threshold, the jurors could readily draw an inference that Smith had a .08 or greater blood alcohol level while driving, and in turn readily infer that he drove under the influence. A special instruction effectively advising the jury about the first jury's acquittal on the .08 count was necessary to ensure that the second jury did not improperly rest its verdict on a finding that was expressly rejected by the first jury.7
The erroneous failure to preclude the second jury's consideration of the .08 issue was prejudicial under any standard of review. (See Chapman v. California (1967) 386 U.S. 18, 24 [harmless beyond reasonable doubt standard for federal constitutional error]; People v. Watson (1956) 46 Cal.2d 818, 836 [no reasonable probability of different result standard for state law error].) Because a finding that the defendant drove with a .08 or more blood alcohol level carries such a strong inference of driving impairment and the jury was expressly instructed regarding this inference, there is a reasonable probability that had this theory been foreclosed, the second jury would have reached a different verdict. Although there was sufficient evidence to support a finding that Smith was driving under the influence of alcohol, this is an issue that a jury must resolve without being permitted to rely on a finding that Smith drove with a .08 or more blood alcohol level.8
The judgment is reversed.
McCONNELL, P. J.
CERTIFIED FOR PUBLICATION
COURT OF APPEAL, FOURTH APPELLATE DISTRICT
STATE OF CALIFORNIA
Plaintiff and Respondent,
Defendant and Appellant.
(Super. Ct. No. SCD195342)
ORDER CERTIFYING OPINION
The opinion filed March 5, 2008, is ordered certified for publication.
The attorneys of record are:
Christopher Blake, under appointment by the Court of Appeal Appellate Defenders Independent Case System for Defendant and Appellant.
Edmund G. Brown, Jr., Attorney General, Dane R. Gillette and Gary W. Schons, Assistant Attorneys General, Barry Carlton and Teresa Torreblanca, Deputy Attorneys General for Plaintiff and Respondent.
Copies to: All Parties
1 Subsequent statutory references are to the Vehicle Code unless otherwise specified.
2 Based on section 23610, CALCRIM No. 2110 (which was given to the jury here) defines the permissive presumption as follows: "If the People have proved beyond a reasonable doubt that the defendant's blood alcohol level was 0.08 percent or more at the time of the chemical analysis, you may, but are not required to, conclude that the defendant was under the influence of an alcoholic beverage at the time of the alleged offense." Although the instruction (as well as section 23610) refers to the .08 or more level at the time of the chemical analysis, the jury must necessarily infer that the defendant's .08 or more level also existed at the time of driving to use the evidence to infer impairment at the time of driving. (See People v. Schrieber (1975) 45 Cal.App.3d 917, 920-922.)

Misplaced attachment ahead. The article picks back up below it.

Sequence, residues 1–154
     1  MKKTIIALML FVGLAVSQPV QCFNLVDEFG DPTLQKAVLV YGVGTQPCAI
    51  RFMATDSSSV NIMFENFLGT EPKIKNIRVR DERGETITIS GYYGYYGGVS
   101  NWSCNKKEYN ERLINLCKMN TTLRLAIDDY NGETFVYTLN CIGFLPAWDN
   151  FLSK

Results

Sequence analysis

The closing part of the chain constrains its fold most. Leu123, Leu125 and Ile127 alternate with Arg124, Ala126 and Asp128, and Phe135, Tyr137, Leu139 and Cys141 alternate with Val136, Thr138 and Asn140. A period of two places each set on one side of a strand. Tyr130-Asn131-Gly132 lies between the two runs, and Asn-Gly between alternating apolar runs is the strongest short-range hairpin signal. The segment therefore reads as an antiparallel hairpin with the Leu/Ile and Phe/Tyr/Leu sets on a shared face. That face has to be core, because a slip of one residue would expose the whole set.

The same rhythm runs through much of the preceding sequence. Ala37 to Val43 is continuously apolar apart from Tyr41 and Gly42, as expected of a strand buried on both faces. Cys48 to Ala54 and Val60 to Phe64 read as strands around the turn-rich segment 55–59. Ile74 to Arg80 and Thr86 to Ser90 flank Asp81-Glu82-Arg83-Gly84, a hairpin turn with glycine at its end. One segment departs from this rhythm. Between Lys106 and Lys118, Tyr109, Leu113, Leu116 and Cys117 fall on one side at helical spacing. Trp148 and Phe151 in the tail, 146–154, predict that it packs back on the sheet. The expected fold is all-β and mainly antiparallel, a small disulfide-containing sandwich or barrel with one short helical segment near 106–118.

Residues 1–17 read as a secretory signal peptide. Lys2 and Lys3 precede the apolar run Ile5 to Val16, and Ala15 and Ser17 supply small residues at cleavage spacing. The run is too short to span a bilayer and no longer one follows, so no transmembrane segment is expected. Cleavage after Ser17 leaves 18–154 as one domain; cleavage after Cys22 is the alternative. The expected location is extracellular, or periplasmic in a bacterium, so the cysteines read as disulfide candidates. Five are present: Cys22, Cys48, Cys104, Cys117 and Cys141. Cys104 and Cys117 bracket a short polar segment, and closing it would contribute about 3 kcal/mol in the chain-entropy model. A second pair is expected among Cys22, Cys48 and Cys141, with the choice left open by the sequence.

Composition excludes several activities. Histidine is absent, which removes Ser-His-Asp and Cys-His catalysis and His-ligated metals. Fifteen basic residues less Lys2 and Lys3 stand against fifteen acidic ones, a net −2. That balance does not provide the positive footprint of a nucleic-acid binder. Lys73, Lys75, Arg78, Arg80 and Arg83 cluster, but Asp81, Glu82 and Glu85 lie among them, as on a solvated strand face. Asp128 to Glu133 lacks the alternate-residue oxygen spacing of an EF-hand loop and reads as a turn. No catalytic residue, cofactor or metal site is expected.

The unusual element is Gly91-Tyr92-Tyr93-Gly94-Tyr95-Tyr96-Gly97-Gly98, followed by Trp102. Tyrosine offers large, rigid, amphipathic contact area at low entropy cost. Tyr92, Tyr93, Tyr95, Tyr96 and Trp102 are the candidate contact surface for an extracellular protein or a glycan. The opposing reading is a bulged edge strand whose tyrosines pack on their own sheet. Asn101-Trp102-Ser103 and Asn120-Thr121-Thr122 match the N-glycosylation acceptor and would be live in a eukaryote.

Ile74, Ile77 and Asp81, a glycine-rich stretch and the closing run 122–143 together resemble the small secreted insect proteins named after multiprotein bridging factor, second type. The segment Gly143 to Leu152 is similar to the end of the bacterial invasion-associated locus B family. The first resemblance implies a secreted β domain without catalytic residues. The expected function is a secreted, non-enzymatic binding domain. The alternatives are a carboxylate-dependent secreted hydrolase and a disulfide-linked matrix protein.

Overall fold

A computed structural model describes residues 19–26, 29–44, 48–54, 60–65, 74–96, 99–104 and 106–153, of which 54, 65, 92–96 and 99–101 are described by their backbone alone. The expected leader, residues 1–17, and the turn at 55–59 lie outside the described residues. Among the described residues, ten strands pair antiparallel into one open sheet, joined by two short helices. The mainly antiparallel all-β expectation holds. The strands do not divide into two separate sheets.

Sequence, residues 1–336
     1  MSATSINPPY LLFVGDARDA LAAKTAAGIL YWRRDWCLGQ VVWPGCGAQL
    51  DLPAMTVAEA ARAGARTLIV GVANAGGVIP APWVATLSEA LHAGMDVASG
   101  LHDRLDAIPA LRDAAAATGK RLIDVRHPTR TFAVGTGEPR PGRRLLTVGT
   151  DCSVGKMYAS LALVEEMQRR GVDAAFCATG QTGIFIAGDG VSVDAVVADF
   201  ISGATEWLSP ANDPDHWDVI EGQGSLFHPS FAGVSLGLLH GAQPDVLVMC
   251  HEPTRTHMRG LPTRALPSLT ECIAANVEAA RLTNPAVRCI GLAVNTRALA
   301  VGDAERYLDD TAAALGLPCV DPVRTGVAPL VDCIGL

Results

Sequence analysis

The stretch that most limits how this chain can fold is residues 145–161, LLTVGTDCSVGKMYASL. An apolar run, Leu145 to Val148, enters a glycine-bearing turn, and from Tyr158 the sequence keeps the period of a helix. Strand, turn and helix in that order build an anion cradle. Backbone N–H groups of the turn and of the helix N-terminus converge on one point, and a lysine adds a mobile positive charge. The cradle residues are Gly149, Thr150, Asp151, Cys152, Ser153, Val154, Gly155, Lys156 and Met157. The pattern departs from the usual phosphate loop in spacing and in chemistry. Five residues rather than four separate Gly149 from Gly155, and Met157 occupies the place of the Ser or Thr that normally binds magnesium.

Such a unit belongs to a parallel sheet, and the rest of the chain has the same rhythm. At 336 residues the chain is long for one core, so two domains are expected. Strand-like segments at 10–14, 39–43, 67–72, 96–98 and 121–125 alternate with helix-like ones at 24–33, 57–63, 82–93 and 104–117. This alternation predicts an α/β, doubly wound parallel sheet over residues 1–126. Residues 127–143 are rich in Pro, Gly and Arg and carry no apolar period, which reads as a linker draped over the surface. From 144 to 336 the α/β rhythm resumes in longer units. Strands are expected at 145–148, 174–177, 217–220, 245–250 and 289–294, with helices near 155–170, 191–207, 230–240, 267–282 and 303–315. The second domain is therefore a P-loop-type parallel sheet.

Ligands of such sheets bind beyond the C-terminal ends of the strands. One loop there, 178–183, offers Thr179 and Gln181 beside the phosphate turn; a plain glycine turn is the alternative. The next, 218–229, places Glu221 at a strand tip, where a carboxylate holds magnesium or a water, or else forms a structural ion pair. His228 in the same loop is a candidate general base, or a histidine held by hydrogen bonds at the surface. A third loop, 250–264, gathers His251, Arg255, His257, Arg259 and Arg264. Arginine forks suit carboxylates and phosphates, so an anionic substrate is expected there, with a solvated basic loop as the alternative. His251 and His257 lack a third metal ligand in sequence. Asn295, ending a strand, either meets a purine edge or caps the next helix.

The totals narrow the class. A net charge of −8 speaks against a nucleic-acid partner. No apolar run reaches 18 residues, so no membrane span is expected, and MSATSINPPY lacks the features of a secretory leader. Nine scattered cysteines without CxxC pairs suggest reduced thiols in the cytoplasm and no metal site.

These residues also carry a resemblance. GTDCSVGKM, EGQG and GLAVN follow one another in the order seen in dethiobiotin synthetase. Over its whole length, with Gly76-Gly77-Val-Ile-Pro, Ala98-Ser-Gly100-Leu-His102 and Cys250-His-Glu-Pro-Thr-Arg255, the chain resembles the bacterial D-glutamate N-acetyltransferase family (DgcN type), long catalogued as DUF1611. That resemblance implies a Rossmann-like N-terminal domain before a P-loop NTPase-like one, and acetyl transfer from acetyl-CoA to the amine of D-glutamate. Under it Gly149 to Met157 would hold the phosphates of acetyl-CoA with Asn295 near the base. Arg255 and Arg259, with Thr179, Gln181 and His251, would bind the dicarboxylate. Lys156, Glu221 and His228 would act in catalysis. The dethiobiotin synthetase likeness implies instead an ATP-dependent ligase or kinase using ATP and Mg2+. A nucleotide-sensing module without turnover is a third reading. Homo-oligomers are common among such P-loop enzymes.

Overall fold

3 The Attorney General argues that application of collateral estoppel is limited to successive prosecutions, and that it does not apply to retrial of a count. In Santamaria, the court questioned whether collateral estoppel applies "to the same proceeding where the government won by securing a conviction of the substantive count" and a retrial is pursued on the substantive count after reversal on appeal for trial error. (Santamaria, supra, 8 Cal.4th at p. 913.) The Santamaria court declined to resolve the issue because it concluded that, in any event, defendant had not shown that the elements of collateral estoppel had been met. (Id. at pp. 915-916, & fn. 5.) Here, unlike the situation in Santamaria, there was no conviction at the first trial, but rather an acquittal. Subsequent to Santamaria, the California Supreme Court recognized that collateral estoppel principles may properly apply on retrial of a count after the jury acquits the defendant of another count. (People v. Barragan (2004) 32 Cal.4th 236, 255, fn. 7; see U.S. v. Bailin (7th Cir. 1992) 977 F.2d 270, 276.) In the context of this case, we find the Attorney General's assertion unavailing.